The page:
Occasional anxiety is common and happens to all of us, but anxiety disorders are more than brief anxiety.
People with anxiety disorders deal with excessive fear and worry that interferes with daily life, with these feelings lasting longer than 6 months.
According to the Anxiety and Depression Association of America (ADAA), anxiety disorders affect over 40 million American adults, though a majority of people don’t receive treatment.
There are several treatment options available to manage symptoms of anxiety disorders, including psychotherapy and medications like Prozac.
In this article, we’ll discuss Prozac’s use in anxiety, side effects, risks, and other key information.
Prozac (fluoxetine) is a popular antidepressant medication that’s been around since the 1980s. It is approved to treat panic disorders — a type of anxiety disorder, but doctors also often prescribe Prozac to treat other types of anxiety as well.
Prozac is a brand-name medication that is also available in generic versions in different strengths. Generic versions are generally less expensive than brand-name Prozac.
It’s approved by the Food and Drug Administration (FDA) to treat major depressive disorder, obsessive compulsive disorder (OCD), bulimia, and panic disorder, but doctors also prescribe Prozac off-label to manage other types of anxiety disorders.
Prozac and other medications in this class — known as selective serotonin reuptake inhibitors (SSRIs) — are considered the first choice for treatment of anxiety disorders.
What the science says
Prozac belongs to a class of medications called SSRIs. While the exact way SSRIs work isn’t known, one of the ways it’s thought to work is by regulating mood by increasing serotonin in your brain.
This is one of the reasons doctors often prescribe SSRIs like Prozac to ease symptoms of mood-related conditions like anxiety.
Prozac and other antidepressant-type medications can also be effective when someone has other mental health conditions, like depression, along with anxiety.
Prozac and generic fluoxetine are available in several different strengths and dosage forms (capsule, tablet, liquid) for ease of dosing.
The dosage for Prozac depends on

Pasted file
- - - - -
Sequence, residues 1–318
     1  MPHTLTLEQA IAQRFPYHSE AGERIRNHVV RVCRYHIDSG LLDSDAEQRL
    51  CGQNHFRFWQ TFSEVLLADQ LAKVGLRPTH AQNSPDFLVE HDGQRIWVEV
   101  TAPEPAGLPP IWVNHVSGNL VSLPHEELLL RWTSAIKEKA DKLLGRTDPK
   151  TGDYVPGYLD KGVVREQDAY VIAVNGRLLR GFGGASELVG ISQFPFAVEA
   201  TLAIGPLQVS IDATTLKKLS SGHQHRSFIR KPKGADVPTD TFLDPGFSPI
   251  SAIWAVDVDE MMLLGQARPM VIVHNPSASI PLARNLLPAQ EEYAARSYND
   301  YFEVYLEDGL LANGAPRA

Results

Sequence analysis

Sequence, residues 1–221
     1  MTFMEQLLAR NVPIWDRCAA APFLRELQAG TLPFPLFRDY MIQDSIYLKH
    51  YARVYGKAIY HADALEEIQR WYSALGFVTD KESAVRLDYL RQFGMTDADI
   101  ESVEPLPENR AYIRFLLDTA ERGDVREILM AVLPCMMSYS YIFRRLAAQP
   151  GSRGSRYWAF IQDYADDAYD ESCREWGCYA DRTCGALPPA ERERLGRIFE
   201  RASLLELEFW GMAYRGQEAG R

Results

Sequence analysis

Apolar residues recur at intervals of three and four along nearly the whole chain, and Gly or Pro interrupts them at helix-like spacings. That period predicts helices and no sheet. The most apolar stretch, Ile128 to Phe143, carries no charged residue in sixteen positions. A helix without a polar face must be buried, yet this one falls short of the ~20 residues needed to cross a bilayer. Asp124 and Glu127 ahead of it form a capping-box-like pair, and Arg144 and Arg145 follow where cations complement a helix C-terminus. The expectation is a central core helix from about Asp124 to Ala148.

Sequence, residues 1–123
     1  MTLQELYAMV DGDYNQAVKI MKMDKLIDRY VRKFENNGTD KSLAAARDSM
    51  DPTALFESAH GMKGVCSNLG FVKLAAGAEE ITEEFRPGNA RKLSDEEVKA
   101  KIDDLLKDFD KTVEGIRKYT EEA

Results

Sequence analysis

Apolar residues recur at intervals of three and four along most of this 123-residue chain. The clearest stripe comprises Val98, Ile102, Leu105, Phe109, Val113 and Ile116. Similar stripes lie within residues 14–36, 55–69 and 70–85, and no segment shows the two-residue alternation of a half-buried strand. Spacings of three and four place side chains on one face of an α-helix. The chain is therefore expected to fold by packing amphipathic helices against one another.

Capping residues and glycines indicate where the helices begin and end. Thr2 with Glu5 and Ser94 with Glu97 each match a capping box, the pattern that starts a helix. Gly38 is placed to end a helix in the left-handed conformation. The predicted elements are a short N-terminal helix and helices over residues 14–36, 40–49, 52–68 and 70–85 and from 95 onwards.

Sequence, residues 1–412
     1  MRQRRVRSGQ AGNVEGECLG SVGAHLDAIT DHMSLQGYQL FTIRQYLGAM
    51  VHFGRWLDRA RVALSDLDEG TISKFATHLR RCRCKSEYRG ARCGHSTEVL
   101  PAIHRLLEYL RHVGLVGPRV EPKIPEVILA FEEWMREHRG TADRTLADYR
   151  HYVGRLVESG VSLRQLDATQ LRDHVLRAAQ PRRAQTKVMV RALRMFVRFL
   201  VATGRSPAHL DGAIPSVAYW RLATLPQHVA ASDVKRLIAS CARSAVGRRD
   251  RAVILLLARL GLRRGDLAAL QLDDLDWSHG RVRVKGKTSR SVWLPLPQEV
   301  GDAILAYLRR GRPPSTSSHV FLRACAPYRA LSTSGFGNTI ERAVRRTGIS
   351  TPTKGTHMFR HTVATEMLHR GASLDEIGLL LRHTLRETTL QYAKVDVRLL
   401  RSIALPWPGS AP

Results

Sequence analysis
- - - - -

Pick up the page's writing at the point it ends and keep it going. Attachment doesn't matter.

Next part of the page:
- the condition being treated
- your age
- your health
- other medications you may be taking
For panic disorder, the usual starting dose is 10mg per day and may be increased if needed. Your doctor will decide the best dose of Prozac for you based on your condition and how you respond to treatment.
Take Prozac exactly as prescribed. Keep in mind, it may take several weeks to see the full effects of Prozac. Do not suddenly stop taking Prozac, you could experience withdrawal symptoms.
Prozac can be taken with or without food.
Ask your doctor or pharmacist about the best way to take Prozac and how to manage side effects.
Prozac may cause side effects, and some may be serious. This isn’t a complete list of all side effects of Prozac. Ask your pharmacist or doctor for a full list of side effects.
Side effects generally go away after a few days or a few weeks, but if they’re bothersome or serious, call your doctor to discuss your treatment options.
Prozac can also cause anxiety as a side effect. This may happen when you first start taking Prozac. Ask your doctor what to expect with Prozac.
Common side effects
Some common side effects include:
- anxiety, nervousness
- dry mouth
- trouble sleeping
Serious side effects
Serious side effects include:
- serotonin syndrome (too much serotonin builds up and can be dangerous)
- allergic reactions
- unusual bruising or bleeding
- mania symptoms (intense mood shifts)
- low salt levels in the blood (symptoms include headache, confusion, weakness)
If you experience a severe or life-threatening reaction to Prozac, call 911 right away.
Prozac can interact with other medications (including over-the-counter products), vitamins, herbs, and other supplements. Be sure to tell your doctor and pharmacist about all of the medications and OTC products you take.